I have just returned from a few days in Kovalam Beach, Kerala state, near the southernmost tip of India. I'll be posting some updates soon.
There have not been new postings recently for a few reasons: (1) I got sick with the flu and spent a few days in bed recovering, (2) I was busy setting up the home page for my Koh Mak Retreat, and (3) I was too busy relaxing by the seaside in Kovalam!
Please stay tuned, more is coming soon!
In the meantime, enjoy what's left of 2005, and best wishes for 2006!
My friend Koichiro has suggested a good way to get a Japanese translation of this blog.
Simply go to
and enter the URL of this blog:
and you will automatically get a computer translation of this site. Starting today, I will automatically add a Japanese computer translation of all blog entries.
Here is a sample translation:
Last Friday, there was a concert. The performers were all yogis; it was inspiring to see so much talent among the people around us in practice every morning.
The concert was at the Kev-in; a hotel and restaurant run by Kevin, a very dedicated yogi who has been in Mysore for a long time. Kevin organized the concert to raise funds for Project P, a charity he started to help one needy family in Mysore. The concert was free, but donations were collected; I don't know the exact numbers, but I heard that the fundraising went very well.
The first performer was Kevin himself; he played 3 songs written during his university days. In addition to being a dedicated yogi and good hotel manager, he turned out to be a very talented musician!
Next up was Mark; sorry but I didn't get a photo. Mark was followed by Luke, who played a very funny original song about about yoga.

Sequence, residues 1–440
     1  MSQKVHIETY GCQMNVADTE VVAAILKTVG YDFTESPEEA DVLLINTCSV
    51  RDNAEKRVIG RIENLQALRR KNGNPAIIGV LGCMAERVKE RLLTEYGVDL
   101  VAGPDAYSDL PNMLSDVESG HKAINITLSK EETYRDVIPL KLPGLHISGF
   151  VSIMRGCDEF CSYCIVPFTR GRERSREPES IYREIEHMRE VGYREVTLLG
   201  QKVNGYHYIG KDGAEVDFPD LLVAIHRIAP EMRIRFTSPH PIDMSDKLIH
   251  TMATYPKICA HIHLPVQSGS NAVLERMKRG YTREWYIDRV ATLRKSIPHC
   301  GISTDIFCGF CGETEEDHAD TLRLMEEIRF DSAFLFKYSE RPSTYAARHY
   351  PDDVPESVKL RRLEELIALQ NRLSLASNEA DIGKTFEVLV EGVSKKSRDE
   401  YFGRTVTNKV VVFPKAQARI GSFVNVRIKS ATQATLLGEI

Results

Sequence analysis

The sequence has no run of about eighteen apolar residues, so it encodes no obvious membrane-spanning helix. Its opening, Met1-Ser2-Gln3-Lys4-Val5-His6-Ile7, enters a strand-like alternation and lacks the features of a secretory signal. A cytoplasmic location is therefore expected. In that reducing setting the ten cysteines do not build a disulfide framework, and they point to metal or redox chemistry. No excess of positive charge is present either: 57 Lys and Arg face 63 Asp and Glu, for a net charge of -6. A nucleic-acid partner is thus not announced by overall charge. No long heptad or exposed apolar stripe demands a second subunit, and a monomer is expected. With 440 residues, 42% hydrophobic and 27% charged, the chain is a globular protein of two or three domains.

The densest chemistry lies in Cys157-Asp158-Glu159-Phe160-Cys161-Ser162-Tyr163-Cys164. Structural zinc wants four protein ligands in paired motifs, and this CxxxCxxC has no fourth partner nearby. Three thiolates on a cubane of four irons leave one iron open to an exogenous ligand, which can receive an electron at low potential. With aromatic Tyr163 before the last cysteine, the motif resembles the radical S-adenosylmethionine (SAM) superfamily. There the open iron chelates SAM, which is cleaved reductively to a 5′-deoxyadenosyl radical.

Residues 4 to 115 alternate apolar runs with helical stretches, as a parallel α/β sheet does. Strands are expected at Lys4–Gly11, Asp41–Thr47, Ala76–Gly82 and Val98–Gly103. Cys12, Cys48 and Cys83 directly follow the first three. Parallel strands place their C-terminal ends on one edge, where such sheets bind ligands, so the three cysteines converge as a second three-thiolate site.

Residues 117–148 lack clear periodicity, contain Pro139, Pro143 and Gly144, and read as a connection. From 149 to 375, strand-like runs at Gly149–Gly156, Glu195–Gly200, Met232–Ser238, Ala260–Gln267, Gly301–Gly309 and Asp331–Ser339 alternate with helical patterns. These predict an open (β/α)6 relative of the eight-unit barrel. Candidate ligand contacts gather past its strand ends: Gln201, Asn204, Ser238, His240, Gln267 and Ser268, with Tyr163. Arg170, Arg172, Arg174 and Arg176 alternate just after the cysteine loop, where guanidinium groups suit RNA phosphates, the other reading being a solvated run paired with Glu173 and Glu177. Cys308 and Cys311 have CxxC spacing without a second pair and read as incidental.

Afsheen was next; he played songs written by himself and others.
Then, Trina performed; her second song was an original which she performed in Chinese. Of course, most of us didn't understand the words, but her silvery voice left us all enchanted.
For the final number, Mark, Luke, Afsheen and Trina performed together; Afsheen switched from guitar to percussion; playing a large plastic water drum. There was another percussionist playing tabla, but I'm sorry to say that I didn't get his name.
It was a perfect evening to relax, enjoy and also help a good charity; we all left feeling a little closer to samadi!
Palace and Countryside
Wednesday, Nov. 30
Today was Mein's birthday. Mein and her husband Francis practice Ashtanga in Tokyo; they are now here with their lovely daughter Sophia Ashley to practice with Guruji. To celebrate Mein's birthday, Francis arranged a lunch party at the Lalita Mahal hotel, a grand building originally built as a palace for the Maharaj of Mysore.
The hotel's elegant dining room, which used to be a ballroom, was a perfect setting for an excellent lunch.
All the food, Indian and western, was superb. By the way, the apple pie with vanilla ice cream and chocolate sauce was excellent! Francis ordered it; but it was too big for him and Mein and Sophia to finish, so I shared the work of eating it!